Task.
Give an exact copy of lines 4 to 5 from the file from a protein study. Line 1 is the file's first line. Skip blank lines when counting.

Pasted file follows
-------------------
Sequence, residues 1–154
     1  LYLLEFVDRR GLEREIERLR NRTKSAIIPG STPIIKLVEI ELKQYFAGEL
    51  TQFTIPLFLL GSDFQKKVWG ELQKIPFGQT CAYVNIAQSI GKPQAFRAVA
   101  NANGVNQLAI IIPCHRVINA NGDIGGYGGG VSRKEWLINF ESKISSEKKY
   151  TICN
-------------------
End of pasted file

   101  NANGVNQLAI IIPCHRVINA NGDIGGYGGG VSRKEWLINF ESKISSEKKY
   151  TICN